Posts Tagged ‘SQL’

Recently in one of my Virtual Machine (VM)s I received the above error message when trying to connect to a SQL Server which I used to connect on other times.


After having a look I found that the trust between my virtual machine and the domain was broken. You can find the status of the secure channel by using the PowerShell command Test-ComputerSecureChannel.


This will also be evident when you try to login to the computer using a domain account. It will generate the following message.


To fix this you can try using the below methods.

1. PowerShell

Use the command Test-ComputerSecureChannel.

If your current login has the required access in the domain you can use the below command.

Test-ComputerSecureChannel –Repair

If you need to use another account than the current logged user then you need to use the –Credential parameter when calling the command.

Test-ComputerSecureChannel –Repair –Credential MyDomain\MyUser

2. Joining the domain again.

This will also get fixed by removing the machine from the domain and adding it back. Before removing the computer from the domain make sure you have access to a local administrator account on the computer. Otherwise you will not have a way to login to the computer.

This can be achieved by going to computer system properties,

  1. removing the computer from the current domain,
  2. restarting the computer.
  3. adding the computer to the domain again
  4. restarting the computer

To avoid the two restarts you can try using the following PowerShell commands.

$myPC = Get-WmiObject Win32_ComputerSystem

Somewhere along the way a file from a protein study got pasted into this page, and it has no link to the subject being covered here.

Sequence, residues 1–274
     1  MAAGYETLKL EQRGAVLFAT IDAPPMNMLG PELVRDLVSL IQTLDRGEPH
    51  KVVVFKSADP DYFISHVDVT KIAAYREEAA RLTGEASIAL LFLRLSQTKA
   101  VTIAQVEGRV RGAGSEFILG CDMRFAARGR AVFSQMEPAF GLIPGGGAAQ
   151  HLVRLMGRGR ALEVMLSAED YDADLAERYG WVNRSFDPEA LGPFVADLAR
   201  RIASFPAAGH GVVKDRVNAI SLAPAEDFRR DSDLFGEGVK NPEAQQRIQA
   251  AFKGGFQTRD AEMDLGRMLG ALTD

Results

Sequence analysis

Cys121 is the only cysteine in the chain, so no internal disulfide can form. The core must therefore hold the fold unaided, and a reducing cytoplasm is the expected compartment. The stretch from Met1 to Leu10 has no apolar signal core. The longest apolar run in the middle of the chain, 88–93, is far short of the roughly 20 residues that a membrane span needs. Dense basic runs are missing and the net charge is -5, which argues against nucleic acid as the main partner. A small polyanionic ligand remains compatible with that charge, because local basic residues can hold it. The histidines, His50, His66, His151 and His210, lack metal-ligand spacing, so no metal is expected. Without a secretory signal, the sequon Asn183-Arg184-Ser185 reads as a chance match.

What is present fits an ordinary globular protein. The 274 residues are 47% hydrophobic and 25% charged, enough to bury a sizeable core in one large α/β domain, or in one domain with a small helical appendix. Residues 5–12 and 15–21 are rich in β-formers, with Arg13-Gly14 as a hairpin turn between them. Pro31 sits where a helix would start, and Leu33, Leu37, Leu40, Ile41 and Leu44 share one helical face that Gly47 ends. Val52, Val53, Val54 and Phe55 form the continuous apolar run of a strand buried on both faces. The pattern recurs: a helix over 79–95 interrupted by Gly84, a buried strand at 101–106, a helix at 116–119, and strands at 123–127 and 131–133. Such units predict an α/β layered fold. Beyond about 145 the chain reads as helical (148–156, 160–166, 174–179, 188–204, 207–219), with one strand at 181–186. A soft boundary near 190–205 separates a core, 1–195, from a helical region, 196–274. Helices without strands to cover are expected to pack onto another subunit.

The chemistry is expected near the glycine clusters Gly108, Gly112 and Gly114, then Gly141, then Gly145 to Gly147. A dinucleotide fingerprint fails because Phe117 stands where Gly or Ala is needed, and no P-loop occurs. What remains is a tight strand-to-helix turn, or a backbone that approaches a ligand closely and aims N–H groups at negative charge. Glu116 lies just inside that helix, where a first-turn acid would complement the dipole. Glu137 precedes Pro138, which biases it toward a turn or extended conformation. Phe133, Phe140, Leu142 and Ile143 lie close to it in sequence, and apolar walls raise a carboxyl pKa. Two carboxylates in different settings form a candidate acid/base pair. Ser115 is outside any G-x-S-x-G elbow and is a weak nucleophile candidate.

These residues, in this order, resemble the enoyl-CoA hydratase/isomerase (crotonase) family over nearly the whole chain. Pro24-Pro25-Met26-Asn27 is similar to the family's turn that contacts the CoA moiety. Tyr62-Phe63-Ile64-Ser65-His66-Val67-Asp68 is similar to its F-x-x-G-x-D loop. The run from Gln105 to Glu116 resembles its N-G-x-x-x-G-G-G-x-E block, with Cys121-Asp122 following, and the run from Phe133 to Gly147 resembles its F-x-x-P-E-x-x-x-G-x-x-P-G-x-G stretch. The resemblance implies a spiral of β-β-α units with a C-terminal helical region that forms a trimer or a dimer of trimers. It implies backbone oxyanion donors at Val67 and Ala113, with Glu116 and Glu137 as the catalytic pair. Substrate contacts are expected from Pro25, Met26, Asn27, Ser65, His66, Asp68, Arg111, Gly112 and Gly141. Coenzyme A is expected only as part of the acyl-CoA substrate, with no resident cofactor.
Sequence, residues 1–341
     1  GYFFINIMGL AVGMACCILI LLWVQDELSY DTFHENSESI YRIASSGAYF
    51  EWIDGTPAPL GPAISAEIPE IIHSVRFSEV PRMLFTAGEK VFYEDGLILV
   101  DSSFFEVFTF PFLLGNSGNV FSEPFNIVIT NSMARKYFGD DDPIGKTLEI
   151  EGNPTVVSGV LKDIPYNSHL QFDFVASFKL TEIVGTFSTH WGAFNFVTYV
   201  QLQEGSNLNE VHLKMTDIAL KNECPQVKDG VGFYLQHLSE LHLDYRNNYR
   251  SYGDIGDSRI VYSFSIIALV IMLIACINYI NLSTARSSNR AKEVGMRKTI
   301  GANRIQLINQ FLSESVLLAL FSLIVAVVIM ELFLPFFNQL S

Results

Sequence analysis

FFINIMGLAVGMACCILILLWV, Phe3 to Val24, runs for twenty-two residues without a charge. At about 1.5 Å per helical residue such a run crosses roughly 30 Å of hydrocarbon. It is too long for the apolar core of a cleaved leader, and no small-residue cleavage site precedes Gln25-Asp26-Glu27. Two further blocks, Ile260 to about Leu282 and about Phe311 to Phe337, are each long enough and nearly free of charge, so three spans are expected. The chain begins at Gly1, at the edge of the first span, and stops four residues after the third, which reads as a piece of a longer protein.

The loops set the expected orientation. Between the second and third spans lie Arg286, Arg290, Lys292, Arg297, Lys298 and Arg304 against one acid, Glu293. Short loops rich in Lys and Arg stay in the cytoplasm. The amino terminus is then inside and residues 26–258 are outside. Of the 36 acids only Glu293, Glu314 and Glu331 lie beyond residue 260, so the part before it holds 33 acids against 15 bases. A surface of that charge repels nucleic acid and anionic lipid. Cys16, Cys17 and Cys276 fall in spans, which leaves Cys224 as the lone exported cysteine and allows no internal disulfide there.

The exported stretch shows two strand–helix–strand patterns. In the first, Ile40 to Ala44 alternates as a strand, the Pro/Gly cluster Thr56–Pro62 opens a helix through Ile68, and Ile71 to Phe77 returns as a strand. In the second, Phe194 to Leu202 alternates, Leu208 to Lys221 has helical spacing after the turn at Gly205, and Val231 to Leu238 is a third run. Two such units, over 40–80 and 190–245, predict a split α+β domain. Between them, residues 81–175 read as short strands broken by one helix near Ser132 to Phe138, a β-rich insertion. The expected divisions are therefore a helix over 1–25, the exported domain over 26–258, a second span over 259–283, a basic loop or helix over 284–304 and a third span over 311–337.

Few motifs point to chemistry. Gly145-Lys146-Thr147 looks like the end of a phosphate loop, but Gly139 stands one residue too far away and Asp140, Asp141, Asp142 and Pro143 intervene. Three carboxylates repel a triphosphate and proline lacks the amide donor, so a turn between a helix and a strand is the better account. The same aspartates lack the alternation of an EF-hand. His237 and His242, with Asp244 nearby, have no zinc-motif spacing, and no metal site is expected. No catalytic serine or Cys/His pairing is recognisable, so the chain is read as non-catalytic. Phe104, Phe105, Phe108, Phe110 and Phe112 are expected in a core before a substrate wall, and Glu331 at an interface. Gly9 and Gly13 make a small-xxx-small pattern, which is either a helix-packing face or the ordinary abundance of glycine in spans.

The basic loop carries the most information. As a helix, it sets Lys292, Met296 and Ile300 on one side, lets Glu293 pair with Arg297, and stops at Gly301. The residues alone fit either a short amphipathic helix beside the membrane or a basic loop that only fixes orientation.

$myPC.UnjoinDomainOrWorkGroup("Account Password", "Account Username”, 0)
$myPC.JoinDomainOrWorkGroup("Domain", "Account Password", "Account Username", $null, 3)
Restart-Computer -Force

By using the following query you will be able to get all the tables with at least one record in the selected database. It will be handy when you needed to get an idea of the number of records in a database. This uses two SQL Server system views, namely SysObjects and SysIndexes.

  1. SELECT AS [Table Name],
  2.         MAX(sysindexes.rows) AS [Number of Records],
  3.         sysobjects.crdate AS [Created Date],
  4.         sysobjects.refdate AS [Referenced Date]
  5. FROM sysobjects
  6. INNER JOIN sysindexes ON =
  7. WHERE sysobjects.xtype = ‘U’ — Filtering all the User Tables.
  8.     AND sysindexes.rows > 0 — Getting all the tables having at least one reoord.
  9. GROUP BY,
  10.     sysobjects.crdate,
  11.     sysobjects.refdate
  12. ORDER BY 2 DESC — Ordering by the number of records in table.


Above query will bring the following results on the Northwind database.


By now as you know, in this post I am going to discuss about two SQL commands we use regularly to clear data in our tables.



Even though they do a similar thing, there are some differences which makes them unique commands.




1. Considered as Data Mining Language (DML) statement. Considered as Data Definition Language (DDL) statement.
2. Can be used to delete all or part of data in a table. Will delete all the data in a table.
3. Will log the actions. There will be no logging on record deletion.
4. Will use more locks. Will use fewer locks.
5. Will use more resources. Will use less resources.
6. Slow. Fast.
7. Will not reset the identity seed. Will reset the identity seed to 0.
8. Can be used to delete data in tables having relationships. Cannot use in tables having relationships.